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To Avoid Making Bad Hires, Look For These 5 Things in Every Person You Interview

Bad hires happen when you don't know what to look for during the interview process.

By Bill Green

Author and CEO, LendingOne

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I have been interviewing candidates and observing others interview for my businesses for over 40 years. 

In a previous Inc article, I talked about how to effectively prepare for an interview. In this article, however, I'd like to break down the interview itself--specifically as the person looking to make a great hire, and what goes into finding that unique individual.

So, setting the stage here, let's assume your company is looking to hire for a specific role and you've selected a few candidates.

Interviewing is both an art and a science. It's also one of the most crucial parts to building an effective business--I talk about the topic at length in my book, All In. And just like anything else in life, you need to practice and refine your skills as an interviewer in order to make the most of your time. Too often, I see managers walk into interviews unprepared, "winging it" and asking vague questions that don't reveal anything noteworthy about the candidate. What good is an in-person interview if you hear them say the same information already written on their resume?

Here are the five things every hiring manager should do when holding an interview. I've found the following to reveal the most about candidates:

1. Ask all of the candidates the same questions.

You'd be surprised how many managers or even other CEOs I see hold back-to-back interviews, asking completely different questions to both candidates. If you're basing the questions on the specific candidates experience, it's unlikely you'll learn whether they can perform the job you've outlined.

Like I said, interviewing is a science--which means, in order to compare your findings, you have to keep at least one variable constant. By asking different candidates different questions, you're removing your ability to weigh them side by side.

2. Keep the questions related to the job they're applying for.

This is a big mistake I notice a lot of hiring managers make. 

If the question doesn't relate to the position, or the candidates ability to do the job, then it shouldn't be asked. Period. 

An interview is not the time to attempt to make a personal connection. Reason being, that tends to allow the candidate to control the interview, instead of the interviewing extracting the information they need to make an educated and objective decision. 

3. The questions you've prepared must include open-ended, closed-ended, and leading questions.

Every interview should involve these three types of questions. An open-ended question requires more than a "Yes" or "No" to answer, and is intended to give the candidate time to think and share a personal experience.

A closed-ended question can be a simple "Yes" or "No." 

And a leading question is where, as the interview, you're looking to catch a glimpse into how they think. For example, "I see you've managed a lot of projects in the past. Tell me why that's important to you and why you enjoy it." That's a leading question. Another example would be questions that involve "what if" answers. Again, you want to see how they go about thinking through and verbalizing their own internal thoughts.

4. Don't ask opinion-based questions.

This should be common sense, but you'd be surprised how many hiring managers make this mistake.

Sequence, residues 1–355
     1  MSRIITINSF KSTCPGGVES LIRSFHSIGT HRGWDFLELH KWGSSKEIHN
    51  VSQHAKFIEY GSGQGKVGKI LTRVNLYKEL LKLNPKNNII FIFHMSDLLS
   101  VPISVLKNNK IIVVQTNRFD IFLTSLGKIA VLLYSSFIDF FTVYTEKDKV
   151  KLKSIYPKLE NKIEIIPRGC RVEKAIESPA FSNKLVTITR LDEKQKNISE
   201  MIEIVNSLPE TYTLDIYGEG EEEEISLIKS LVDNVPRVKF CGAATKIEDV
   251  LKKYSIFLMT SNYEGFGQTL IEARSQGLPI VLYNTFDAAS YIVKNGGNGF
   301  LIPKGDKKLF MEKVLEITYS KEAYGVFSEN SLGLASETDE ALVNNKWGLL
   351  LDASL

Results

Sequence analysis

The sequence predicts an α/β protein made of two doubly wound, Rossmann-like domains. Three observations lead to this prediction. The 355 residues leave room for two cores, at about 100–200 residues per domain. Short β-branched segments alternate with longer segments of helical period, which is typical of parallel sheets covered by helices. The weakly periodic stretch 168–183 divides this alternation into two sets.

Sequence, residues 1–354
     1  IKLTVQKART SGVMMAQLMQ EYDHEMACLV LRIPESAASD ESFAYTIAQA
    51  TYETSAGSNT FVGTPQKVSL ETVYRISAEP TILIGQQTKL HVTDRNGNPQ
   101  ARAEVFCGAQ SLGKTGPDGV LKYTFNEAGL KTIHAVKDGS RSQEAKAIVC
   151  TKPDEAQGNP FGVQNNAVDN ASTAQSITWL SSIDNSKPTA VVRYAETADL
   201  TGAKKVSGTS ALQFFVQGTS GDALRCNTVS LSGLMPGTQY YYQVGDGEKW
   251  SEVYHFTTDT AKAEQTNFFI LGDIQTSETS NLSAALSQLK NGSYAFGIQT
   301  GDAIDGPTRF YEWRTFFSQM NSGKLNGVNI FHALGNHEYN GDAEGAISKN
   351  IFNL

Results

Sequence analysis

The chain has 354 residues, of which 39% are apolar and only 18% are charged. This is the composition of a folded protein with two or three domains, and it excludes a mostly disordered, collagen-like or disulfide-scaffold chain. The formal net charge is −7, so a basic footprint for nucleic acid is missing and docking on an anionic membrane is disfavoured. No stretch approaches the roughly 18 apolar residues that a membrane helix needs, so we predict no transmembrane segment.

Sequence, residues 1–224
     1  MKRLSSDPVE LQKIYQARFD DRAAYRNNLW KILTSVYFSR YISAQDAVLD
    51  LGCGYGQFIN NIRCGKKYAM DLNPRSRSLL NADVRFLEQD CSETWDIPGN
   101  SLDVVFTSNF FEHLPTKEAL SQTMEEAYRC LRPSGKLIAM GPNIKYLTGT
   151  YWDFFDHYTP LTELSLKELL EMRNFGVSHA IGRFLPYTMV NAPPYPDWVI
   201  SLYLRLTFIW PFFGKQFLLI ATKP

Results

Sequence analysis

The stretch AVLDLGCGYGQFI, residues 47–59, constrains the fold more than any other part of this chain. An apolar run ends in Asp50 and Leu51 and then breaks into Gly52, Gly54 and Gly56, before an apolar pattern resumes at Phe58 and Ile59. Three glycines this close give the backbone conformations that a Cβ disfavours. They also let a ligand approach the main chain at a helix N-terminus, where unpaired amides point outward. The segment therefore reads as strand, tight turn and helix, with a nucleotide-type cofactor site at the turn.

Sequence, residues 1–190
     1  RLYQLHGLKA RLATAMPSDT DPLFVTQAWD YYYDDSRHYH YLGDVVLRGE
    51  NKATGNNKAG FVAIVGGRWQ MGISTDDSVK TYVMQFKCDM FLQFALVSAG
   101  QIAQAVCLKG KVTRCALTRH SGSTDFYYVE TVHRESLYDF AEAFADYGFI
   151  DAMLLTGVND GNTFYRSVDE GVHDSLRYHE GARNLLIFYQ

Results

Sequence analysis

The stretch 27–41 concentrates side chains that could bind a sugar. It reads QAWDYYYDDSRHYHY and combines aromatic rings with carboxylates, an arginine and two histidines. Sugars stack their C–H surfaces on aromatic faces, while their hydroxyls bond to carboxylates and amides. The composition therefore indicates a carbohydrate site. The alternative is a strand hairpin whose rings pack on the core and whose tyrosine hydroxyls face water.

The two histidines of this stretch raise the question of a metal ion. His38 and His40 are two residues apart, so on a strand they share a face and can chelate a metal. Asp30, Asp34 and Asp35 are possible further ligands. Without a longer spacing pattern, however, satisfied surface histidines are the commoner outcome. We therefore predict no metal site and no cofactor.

Opinion-based questions get you nowhere in interviews. What you're looking to understand is their experience, but more importantly, their behavior. Opinion questions do not do a good job at predicting future behavior (which is essentially what you're banking on when you're hiring someone). Instead, keep your questions objective and aim to understand how they operate, problem solve, and approach their work.

5. Just because they have the education and training, doesn't mean they can do the job.

One of my favorite opening questions to ask a candidate is, "What do you know about our company?"

Reason being, if someone was interviewing to work at my company, LendingOne, it wouldn't take much effort for them to know what we're up to in our industry. This simple question tells me out the gate whether they took the time to prepare, or if they are on just another interview. 

But let's say they did their due diligence, and had studied up to the point where they could speak confidently about our company. Let's even say they have a personal interest in our industry, and are already fairly educated on our offerings.

Unfortunately, that doesn't guarantee they can do the job.

One of the hardest things you have to do, as an interviewer, is ask yourself whether the candidate in front of you is right for the role you're looking to fill. I find hiring managers are quick to hire someone they like, or someone they feel is knowledgable about the space, without really asking themselves whether this individual is right for the role itself.

There's a big difference. And part of making great hires is knowing when a great candidate isn't the right fit. 

 

Getting New Hires to Come to You (and Stay)

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In October, the unemployment rate fell 0.1 percentage point to 4.1%, its lowest level since December 2000, according to the Labor Department. Determined to get their piece of the ever-shrinking pool of available human resources, companies across all industries are sharpening their pencils and coming up with interesting ways to get onto new hires’ radar screens.

Needing a way to attract 200 new nurses in the midst of a national shortage of such healthcare professionals, one hospital in West Virginia went beyond traditional incentives (signing bonuses, overtime pay, flexible scheduling, etc.) and began offering free accommodations to out-of-town applicants who didn’t want to relocate.

“Morgantown is a delightful place, but a lot of times, when people outside the state think about West Virginia, there’s a negative connotation,” WVU Medicine’s Doug Mitchell told STAT. “We can’t let a lack of nurses limit us.” To date, several hundred nurses have stayed at the dorm before returning home, the publication reports.